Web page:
April is, among other things, National Poetry Month, a time to recognize and celebrate poetry.
I have always wanted to be a lover of poetry, but I’ve begun to acknowledge that I might not like poetry even if it is “good” (as with any art or medium), or that poetry can be good simply because I (and I alone) like it. That a single line of a poem is my main takeaway. That what I love most about a poem is its rhythm.
As longtime followers of my blog might know, I dabbled in the indulgently “emo” and self-proclaimed “deep” practice of writing poetry as a middle-schooler. It was embarrassing stuff but, even then, revealed my love for meter and and words that paint a specific image in the mind. I recall trying to write a free verse poem that more or less ended as a limerick, so dearly did I cling to rhyme and meter.
For many people, critical reading of poetry in a high school English class really turned them off of poetry, if not most leisure reading. I was fortunate enough to have connected enough with my English teachers and their teaching that reading poetry through this lens really enhanced my enjoyment of poetry. I’ll never forget reading Sylvia Plath, the poet that “emo” girls love to morbidly think on, and learning about the precise kind of emotion and imagery she was evoking in “Sheep in Fog”:
The hills step off into whiteness.
People or stars
Regard me sadly, I disappoint them.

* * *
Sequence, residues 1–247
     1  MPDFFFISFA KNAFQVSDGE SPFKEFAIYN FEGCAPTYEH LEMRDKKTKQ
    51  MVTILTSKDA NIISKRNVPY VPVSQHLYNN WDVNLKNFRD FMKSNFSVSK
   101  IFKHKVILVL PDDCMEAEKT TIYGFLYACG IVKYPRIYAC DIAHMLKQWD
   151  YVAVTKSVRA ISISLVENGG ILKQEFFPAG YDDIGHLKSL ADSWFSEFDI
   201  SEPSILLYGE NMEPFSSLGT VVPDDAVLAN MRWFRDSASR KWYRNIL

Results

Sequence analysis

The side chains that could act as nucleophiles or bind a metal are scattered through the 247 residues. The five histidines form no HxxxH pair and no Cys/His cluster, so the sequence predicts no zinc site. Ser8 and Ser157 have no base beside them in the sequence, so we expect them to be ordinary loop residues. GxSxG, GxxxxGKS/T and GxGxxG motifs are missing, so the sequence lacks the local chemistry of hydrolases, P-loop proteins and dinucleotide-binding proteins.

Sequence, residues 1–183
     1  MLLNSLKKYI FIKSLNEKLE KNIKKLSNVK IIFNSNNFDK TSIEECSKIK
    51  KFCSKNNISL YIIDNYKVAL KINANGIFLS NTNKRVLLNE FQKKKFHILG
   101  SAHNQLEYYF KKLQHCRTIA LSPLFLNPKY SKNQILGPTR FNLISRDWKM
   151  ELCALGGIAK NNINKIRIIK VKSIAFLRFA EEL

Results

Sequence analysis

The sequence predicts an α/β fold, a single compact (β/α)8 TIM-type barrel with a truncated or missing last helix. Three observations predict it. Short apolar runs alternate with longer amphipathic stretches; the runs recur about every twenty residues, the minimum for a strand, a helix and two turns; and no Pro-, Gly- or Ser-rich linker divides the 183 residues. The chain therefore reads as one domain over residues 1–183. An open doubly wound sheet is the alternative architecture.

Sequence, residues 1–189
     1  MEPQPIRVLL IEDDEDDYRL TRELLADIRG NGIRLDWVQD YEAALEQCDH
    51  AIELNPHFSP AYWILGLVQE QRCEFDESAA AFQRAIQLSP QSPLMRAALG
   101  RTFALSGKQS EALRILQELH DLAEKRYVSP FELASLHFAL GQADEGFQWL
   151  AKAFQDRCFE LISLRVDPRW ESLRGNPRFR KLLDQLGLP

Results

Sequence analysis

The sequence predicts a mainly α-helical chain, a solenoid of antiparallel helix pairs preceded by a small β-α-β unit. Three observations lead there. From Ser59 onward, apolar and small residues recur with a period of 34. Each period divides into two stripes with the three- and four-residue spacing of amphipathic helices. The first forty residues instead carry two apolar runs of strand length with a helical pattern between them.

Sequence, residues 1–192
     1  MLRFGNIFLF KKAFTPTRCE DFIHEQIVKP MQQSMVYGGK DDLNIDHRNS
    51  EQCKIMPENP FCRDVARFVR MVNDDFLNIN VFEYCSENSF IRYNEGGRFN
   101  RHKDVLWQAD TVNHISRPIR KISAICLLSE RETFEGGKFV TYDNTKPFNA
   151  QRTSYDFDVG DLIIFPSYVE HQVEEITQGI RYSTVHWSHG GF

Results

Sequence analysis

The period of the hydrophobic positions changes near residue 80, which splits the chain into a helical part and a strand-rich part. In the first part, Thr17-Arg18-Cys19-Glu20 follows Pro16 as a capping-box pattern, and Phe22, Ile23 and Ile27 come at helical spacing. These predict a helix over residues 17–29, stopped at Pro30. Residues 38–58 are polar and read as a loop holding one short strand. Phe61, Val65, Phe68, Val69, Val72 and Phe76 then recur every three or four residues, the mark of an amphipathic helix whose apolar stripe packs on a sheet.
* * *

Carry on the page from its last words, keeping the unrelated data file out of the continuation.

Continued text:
The train leaves a line of breath.
Horse the color of rust,
Hooves, dolorous bells–
All morning the
Morning has been blackening,
A flower left out.
My bones hold a stillness, the far
Fields melt my heart.
To let me through to a heaven
Starless and fatherless, a dark water.
To close, as quarantine stretches out before us, I’d like to share a poem by Adam Zagajewski, translated from Polish by Claire Cavanagh, that a friend on Instagram shared yesterday.
“Try to Praise the Mutilated World”
Try to praise the mutilated world.
Remember June’s long days,
and wild strawberries, drops of rosé wine.
The nettles that methodically overgrow
the abandoned homesteads of exiles.
You must praise the mutilated world.
You watched the stylish yachts and ships;
one of them had a long trip ahead of it,
while salty oblivion awaited others
You’ve seen the refugees going nowhere,
you’ve heard the executioners sing joyfully.
You should praise the mutilated world.
Remember the moments when we were together
in a white room and the curtain fluttered.
Return in thought to the concert where music flared.
You gathered acorns in the park in autumn
and leaves eddied over the earth’s scars.
Praise the mutilated world
and the gray feather a thrush lost,
and the gentle light that strays and vanishes
I hope that in this unprecedented time, you are able to find a poem that brings you comfort. Songs absolutely count as poetry (who among us has not posted a beautiful song lyric somewhere), but I challenge you to take the time to read the lyrics without listening to the song and even speak them aloud without music. Let the words themselves bring you comfort. We all deserve a song like that.